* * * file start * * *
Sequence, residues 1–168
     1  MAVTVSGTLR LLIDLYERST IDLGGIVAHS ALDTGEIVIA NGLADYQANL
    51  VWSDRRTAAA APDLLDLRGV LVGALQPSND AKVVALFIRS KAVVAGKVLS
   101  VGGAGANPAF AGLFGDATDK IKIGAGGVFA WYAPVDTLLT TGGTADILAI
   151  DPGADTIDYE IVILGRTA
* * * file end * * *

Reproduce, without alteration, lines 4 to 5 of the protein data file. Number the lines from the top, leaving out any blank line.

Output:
   101  VGGAGANPAF AGLFGDATDK IKIGAGGVFA WYAPVDTLLT TGGTADILAI
   151  DPGADTIDYE IVILGRTA